Shoppers keep humour despite crush
SCORES of shoppers braved queues to take advantage of Black Friday specials with South Africans’ sense of humour not lost as some called for discounts of up to 50 percent for lobola while others cautioned of a “broke” Monday.
Bargain hunters filled trolleys with grocery items ranging from toilet paper to fizzy drinks and washing powder. Electronic products such as TV sets and cellphones were also popular.
Brenda Bokaba, a mother of two from White City, Soweto, waited in a queue at Checkers at the Eastgate shopping centre in Joburg from 6.15am where she said she saved R259.
Bokaba said she regarded herself as a seasoned Black Friday shopper.
“Black Friday comes at the last day of November; people know this in advance and should save,” she said.
“I have been saving from January by putting away R100 a month.
“My advice is to save as soon as you buy school uniforms and stationery for your children in January.”
Bokaba also said shoppers should be accompanied by at least one person to minimise the stress.
Mwamba Chanda, from Orange Grove, Joburg, said this was her first Black Friday shopping venture.
“I cannot believe that people have been in queues for so long.
“I am planning to buy whatever items are cheap,” she said.
Another shopper, who spoke on condition of anonymity, said that she no longer believed monthly grocery shopping was sustainable.
“I do not buy monthly groceries because it is too expensive.
“I take advantage of specials like Black Friday. My advice is for others too,” she said.
Black Friday, which began in the US and is regarded as the first day of the Christmas shopping season on which retailers make many special offers, has become popular among South African shoppers too.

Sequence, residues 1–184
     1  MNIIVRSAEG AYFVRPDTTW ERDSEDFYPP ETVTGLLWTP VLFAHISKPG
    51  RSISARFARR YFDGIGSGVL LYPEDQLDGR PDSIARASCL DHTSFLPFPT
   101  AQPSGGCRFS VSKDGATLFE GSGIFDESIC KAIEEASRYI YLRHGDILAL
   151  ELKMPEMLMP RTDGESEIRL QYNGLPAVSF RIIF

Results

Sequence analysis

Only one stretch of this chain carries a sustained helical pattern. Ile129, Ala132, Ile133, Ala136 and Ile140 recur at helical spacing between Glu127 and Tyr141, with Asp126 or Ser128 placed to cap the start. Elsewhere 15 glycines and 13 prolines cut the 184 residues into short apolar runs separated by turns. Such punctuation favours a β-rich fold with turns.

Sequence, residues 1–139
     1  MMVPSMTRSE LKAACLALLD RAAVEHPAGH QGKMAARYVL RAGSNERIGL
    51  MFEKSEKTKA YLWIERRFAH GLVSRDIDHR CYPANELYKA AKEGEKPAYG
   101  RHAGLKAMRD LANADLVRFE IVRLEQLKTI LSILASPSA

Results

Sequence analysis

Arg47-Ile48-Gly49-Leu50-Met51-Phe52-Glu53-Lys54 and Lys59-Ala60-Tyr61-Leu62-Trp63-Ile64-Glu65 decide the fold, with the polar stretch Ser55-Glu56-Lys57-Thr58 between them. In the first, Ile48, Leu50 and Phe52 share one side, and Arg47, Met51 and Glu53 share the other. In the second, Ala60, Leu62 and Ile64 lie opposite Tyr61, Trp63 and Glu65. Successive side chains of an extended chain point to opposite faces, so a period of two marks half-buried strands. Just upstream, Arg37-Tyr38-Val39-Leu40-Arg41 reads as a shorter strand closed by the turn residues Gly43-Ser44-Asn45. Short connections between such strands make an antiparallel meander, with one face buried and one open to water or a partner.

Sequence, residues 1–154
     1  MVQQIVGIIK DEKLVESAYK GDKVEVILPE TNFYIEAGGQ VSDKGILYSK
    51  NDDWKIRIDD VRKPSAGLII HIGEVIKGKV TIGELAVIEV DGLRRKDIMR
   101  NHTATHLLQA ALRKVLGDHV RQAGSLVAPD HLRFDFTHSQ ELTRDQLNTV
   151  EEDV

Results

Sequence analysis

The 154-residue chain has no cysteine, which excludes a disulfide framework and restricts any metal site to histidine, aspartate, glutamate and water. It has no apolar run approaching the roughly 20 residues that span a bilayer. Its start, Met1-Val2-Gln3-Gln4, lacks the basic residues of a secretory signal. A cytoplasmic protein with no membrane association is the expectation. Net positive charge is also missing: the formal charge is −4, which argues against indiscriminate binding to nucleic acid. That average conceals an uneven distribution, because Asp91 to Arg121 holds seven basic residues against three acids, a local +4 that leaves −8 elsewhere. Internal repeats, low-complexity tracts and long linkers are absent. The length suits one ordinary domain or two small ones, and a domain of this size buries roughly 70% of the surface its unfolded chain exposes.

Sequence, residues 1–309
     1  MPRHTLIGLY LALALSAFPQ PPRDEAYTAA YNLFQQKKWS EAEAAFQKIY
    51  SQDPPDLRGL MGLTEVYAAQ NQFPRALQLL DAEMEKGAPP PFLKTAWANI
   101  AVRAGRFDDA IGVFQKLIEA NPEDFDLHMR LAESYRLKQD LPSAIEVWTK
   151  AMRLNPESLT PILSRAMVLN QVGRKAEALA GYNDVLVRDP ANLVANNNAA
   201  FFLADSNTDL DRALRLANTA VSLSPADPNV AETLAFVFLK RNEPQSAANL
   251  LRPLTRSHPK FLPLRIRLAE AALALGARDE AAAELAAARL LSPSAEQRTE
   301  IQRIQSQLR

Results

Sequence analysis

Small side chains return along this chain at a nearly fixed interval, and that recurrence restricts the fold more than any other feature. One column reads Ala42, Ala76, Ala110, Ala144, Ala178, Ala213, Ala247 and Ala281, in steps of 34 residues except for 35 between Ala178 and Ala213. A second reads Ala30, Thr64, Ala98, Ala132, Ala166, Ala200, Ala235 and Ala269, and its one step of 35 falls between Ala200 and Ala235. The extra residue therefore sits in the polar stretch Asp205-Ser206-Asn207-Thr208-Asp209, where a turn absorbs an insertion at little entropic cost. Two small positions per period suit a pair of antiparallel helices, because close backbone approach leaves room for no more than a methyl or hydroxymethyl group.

This year it came as consumer confidence hit its worst level since 1982, according to the FNB/Bureau for Economic Research.
However, this didn’t deter retailers from using Black Friday as an opportunity to entice shoppers through promotions including discounts of up to 80 percent on selected products.
For example, brick and mortar storestweaked trading hours in anticipation of the demand.
These included selected Game outlets which opened their doors at midnight.
But some retail websites were hit by glitches. Takealot, TFG Markham, Fabiani, @ Home and Sportscene crashed early in the morning with the surge in traffic.
There were, however, warnings for shoppers to be vigilant from the National Black Consumer Council.
On Friday it cautioned shoppers to be cautious and remember that this was in effect “emotional blackmail by retailers”.
“This is a time when they make the most profit from you because they drive you into a frenzy to buy all the nonsense that you don’t need.
“Remember specials are always there; you must just look for them.
“The biggest trick retailers use is to force you to buy in bulk for a very small discount,” the body said
Only time will tell whether consumers have heeded this advice.
Black Friday at Checkers retail in South Gate mall South of Joburg.